My Jewish parents, my Polish parents
I am a child carried out of the Warsaw ghetto in a suitcase in 1942. I was then about two years old
I was carried out by my true father, through a tunnel dug out by the Jewish fighting organisation. The tunnel led from the Muranowski square in the ghetto to the repair channel of the Sierakowska 7 street tram depot. Today that is where Stawki Street is and where the Intraco building stands. My father conveyed me to the wife of one of the workers in the depot — a Mrs Kazimiera Ciarkowska. I was asleep, with lips glued together. He asked her to keep the baby just for one night. He said that the Germans were taking everybody out of the ghetto and that he had to return for his 7 year old son, Saul. He promised to return the day after. He was in a hurry, had time only to say that my name was Pola. The next day he did not come. The days went by and nobody came to claim me.
My adoptive mother often repeated: “I did not get a penny for you, they planted you with me”
Mr and Mrs Ciarkowski and the Janus couple living with them were afraid to look after a Jewish child. Mr.Janus even wanted to leave me under the ghetto wall. Many families hid me in turn, but none of them wanted to keep me for good. I was constantly being moved, in the end I ended up with Mrs Ciarkowska. When the uprising in the ghetto finally erupted, it became clear that nobody would come for me. On the 7th of May 1943 the Salesian priests from the basilica in the Praga district furnished me with a birth certificate with the name Teresa Ciarkowska dated 23rd of December 1939. Thus I remained without an identity, without a true birth date and without a true name. After the end of the Warsaw Uprising I and my ‘mother’ were sent to a camp in Pruszków; her husband was then already dead. From there we were deported to a forced labour camp in Offenbach, not far from Frankfurt. After liberation we returned to Warsaw. In 1946 we were visited by a stranger, I heard mother discussing my aunt with him. Mother said he was a Jew looking for Jewish children. Several years later, when I already knew my past, she told me that she would only consent to giving me away to my family. She was not a tender mother, she did not play with me, did not caress me — but I had a roof over my head, clothes and food. She took care of me in her own peculiar way. She sent me to a sewing school, so that I would have a profession and be independent. The skill of sewing came in very handy — I made clothes for myself and my friends, I could earn some extra money when I was a teacher. As years progressed I wanted to learn more about my biological family. I believed, and I still believe now, that someone from them survived. After years of searching I found no trace. In childhood I did not experience parental love, that reflected itself in my own family and my relations with my daughter. I never knew how to show her feelings and be a good mother.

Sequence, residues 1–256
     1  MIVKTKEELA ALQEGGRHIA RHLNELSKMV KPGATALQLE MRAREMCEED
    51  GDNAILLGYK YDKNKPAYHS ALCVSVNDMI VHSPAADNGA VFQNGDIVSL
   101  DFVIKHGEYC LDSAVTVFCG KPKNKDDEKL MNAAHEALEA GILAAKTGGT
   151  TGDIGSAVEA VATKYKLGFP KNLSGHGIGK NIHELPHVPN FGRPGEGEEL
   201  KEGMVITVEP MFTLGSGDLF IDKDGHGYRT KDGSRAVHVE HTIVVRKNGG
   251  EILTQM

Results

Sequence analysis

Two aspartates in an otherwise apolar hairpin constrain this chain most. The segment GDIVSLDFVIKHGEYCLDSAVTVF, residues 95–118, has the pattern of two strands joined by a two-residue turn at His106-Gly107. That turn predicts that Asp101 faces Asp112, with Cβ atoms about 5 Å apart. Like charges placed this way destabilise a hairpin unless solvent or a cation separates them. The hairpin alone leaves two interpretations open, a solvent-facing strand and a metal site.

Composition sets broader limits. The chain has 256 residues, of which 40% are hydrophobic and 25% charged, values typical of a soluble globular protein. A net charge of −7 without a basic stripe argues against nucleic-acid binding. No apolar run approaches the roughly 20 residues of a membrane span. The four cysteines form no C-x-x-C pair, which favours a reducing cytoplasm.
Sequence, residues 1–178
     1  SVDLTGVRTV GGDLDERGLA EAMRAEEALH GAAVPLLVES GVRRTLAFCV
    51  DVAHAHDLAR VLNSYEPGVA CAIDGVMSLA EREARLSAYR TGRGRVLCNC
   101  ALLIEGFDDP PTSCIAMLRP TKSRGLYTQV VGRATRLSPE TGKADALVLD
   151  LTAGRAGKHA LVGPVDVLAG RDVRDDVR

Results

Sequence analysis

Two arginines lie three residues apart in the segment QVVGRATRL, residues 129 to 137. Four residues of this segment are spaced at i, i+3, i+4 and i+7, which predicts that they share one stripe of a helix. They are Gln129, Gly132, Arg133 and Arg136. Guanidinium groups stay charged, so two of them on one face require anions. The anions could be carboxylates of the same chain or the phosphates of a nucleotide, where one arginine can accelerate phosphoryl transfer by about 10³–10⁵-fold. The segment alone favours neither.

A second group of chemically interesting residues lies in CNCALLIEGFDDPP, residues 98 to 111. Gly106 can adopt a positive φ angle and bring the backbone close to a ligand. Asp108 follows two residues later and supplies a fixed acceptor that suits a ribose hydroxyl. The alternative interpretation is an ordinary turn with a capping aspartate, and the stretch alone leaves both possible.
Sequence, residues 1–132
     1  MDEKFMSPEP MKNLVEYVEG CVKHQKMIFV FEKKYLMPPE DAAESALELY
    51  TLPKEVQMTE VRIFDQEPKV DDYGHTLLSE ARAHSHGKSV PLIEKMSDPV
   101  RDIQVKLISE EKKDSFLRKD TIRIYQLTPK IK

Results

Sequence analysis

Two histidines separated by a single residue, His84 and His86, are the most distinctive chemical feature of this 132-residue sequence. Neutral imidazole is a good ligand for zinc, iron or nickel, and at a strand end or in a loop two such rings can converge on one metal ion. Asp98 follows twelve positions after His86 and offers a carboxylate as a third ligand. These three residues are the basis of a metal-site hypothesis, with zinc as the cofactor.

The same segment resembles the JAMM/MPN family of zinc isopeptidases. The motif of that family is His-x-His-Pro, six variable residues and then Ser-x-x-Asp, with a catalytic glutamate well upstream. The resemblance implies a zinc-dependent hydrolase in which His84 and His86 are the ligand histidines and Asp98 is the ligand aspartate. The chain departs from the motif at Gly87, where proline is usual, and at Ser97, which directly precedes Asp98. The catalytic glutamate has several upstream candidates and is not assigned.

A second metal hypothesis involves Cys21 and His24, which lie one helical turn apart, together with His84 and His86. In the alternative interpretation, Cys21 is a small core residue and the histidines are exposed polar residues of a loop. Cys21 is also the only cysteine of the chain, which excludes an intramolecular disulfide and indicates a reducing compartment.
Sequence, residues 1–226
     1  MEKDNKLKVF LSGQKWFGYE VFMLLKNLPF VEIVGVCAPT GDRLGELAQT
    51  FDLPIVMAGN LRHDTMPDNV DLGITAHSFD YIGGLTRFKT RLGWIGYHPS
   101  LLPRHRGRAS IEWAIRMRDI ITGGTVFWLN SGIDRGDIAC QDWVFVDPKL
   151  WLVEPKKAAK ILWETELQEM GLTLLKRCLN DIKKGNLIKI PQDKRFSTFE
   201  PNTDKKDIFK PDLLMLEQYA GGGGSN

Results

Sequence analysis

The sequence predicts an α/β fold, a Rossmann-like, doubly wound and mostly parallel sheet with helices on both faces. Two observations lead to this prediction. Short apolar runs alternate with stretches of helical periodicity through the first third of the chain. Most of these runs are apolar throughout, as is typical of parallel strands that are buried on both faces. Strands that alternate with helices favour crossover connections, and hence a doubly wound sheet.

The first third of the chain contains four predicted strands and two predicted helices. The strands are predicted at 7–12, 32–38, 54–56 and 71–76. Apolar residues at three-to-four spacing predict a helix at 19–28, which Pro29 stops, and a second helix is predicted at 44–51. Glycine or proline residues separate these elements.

Teresa Wieczorek
She finished the History Faculty at the Silesia University, worked as a history teacher in high school for 30 years. She is a member of the Association of “Children of the Holocaust” in Poland. She has a daughter and a granddaughter.
She had no education, nor a profession. In order to cover our expenses, she worked as a cleaner in a building enterprise.
Mother unknown
Father unknown